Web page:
With the further advancement of technology, drivers behind the wheel are now more distracted than ever and even in the small community of Lansing Charter Township, accidents happen.
According to the Lansing Township’s Citizens Guide and Performance Dashboard, in 2014, there was a total of 469 non-injury crashes, 128 injury crashes and zero fatal crashes.
However, Lansing Township Supervisor Diontrae Hayes said township roads for the most part don’t see a lot of hazardous driving.
“In the Lansing area I haven’t seen much of that,” Hayes said in regards to crazy driving. “We do have accidents like every other place but I can’t say with certainty that consistently on x amount of roads here, there are people speeding or driving reckless. I just haven’t witnessed that.”
According to Hayes, the township helps direct residents to other organizations when it comes to driver’s safety.
“So we don’t have any direct involvement with driver’s safety, however when people come in we have driving guides for those who are looking to obtain driver’s licenses,” Hayes said. “Any other resources outside of what we would provide in the pamphlet form, they would be directed to other organizations so we don’t partner or collaborate with anyone in terms of driver’s safety.”
Hayes says that the township handles things differently when it comes to state initiatives.
“Like the no texting and driving campaign, when you have things like that that are rolled out at the state level, then you’ll have all the municipalities a lot of times they comply to kind of help in that regard,” Hayes said. “It’s informational information that goes out.”
Accidents can tell a lot about a community and not just the driving performances of its residents.
According to the munetrix.com, which is the site that displays the Lansing community statistics, “Traffic Crashes are one measure used in studying the overall safety of a community, and also provide a way to understand how well public safety and road maintenance costs can impact a community.”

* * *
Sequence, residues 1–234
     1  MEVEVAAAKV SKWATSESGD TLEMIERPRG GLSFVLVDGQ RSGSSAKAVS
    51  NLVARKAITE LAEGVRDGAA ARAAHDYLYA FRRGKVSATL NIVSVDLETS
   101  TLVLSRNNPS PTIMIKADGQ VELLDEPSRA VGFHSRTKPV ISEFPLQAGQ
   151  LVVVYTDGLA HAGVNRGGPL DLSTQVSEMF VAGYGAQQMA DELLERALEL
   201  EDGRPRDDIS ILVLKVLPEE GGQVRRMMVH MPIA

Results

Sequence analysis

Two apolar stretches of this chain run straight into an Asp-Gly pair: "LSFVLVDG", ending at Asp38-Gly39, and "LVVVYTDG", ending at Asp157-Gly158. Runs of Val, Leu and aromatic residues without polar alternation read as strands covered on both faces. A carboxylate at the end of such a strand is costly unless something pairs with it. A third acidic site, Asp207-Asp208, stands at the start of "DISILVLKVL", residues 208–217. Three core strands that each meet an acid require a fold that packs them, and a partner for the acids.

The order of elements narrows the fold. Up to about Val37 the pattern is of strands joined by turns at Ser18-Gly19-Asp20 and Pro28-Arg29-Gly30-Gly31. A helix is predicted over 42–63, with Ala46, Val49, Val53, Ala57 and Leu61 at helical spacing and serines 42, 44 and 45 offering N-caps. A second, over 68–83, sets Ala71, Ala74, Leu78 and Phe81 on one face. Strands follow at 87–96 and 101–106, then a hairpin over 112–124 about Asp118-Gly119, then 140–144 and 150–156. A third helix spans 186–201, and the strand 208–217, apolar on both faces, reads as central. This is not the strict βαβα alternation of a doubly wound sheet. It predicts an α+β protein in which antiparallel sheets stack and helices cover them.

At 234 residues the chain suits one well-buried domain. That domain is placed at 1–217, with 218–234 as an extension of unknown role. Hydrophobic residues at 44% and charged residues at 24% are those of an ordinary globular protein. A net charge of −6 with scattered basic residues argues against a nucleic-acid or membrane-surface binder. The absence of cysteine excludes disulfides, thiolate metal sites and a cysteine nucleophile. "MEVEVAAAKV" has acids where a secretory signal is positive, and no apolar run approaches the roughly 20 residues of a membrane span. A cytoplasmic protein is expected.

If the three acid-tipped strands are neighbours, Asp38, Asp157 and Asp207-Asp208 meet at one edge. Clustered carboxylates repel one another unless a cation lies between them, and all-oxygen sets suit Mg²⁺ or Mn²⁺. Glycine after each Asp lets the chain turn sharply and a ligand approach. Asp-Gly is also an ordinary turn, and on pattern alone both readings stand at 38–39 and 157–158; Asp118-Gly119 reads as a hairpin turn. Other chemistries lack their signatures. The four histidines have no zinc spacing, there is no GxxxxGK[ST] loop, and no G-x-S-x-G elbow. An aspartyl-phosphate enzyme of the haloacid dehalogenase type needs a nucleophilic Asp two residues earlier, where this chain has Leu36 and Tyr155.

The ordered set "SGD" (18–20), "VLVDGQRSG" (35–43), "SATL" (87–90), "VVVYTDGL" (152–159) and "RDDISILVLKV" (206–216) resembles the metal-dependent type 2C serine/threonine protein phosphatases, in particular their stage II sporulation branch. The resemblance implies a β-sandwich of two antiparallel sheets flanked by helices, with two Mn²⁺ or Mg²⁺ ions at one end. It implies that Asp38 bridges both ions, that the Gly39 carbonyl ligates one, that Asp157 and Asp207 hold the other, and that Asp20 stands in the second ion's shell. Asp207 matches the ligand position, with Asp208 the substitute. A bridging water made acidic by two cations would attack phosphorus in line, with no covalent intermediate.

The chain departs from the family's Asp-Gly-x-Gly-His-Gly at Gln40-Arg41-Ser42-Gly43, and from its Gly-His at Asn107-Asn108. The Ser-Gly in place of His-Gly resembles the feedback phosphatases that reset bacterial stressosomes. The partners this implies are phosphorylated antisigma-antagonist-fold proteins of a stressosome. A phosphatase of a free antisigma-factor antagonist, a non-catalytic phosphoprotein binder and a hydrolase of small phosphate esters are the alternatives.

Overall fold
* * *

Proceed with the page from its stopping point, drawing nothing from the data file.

One element that may be aiding in keeping driving accident fatalities and injuries low is awareness. The Lansing Area Safety Council (LASC) focuses on promoting all types of safety including traffic safety in Mid and West Michigan. They provide various programs like their Defensive Driving Courses and Road Testing for new drivers.
Suzy Carter who is the Executive director of the Lansing Area Safety Council said Lansing Township is one area that they specifically support.
“Well we provide resources to the fire department and the police department as needed,” Carter said. “I haven’t met the new chief of the police department yet. But, we service the safety patrollers within Lansing Township and we also service the adult crossing guards within Lansing Township.”
In terms of enrollment for their defensive driving classes, the council can determine what city attendees are from but not if they directly live in the township. Residents from these two areas may have to deal with two very different types of traffic.
Clarence Woudsma who is an Associate Professor of planning at the University of Waterloo explains how generally in a small community the traffic pressures are less and the potential for traffic accidents would be slightly lower.
“If it’s a small community like that then chances are it might have a main street, be a little bit busier, but not like downtown Detroit,” Woudsma said. “Researchers look at traffic accidents and they look at the rate of traffic accidents. They definitely find out that if you think about how far people drive and if you drive in busier conditions, in busier cities, then chances are the accident rate is going to be higher than if you drive in a small town just because of the volume of vehicles and the complexity of road network and other things.”
The separation of the township can cause a change in traffic frequency between different sections because of the higher volume of people and vehicles, Woudsma said.
“Just because of the fact that you have a higher volume of vehicles, so you have more potential for accidents just simply by the fact that it’s busier,” Woudsma said. “Now the counter argument is that usually in busier areas though the traffic tends to move slower right. So if you have a higher volume of traffic you might note see people driving 50 mph because there’s no cars on the road, things might slow down a little bit and so that might counteract this sort of business and more accidents idea.
“But, ultimately what shows up is that you have less severe accidents, so you don’t have like serious collisions that lead to injury and death, but lots of fender benders.”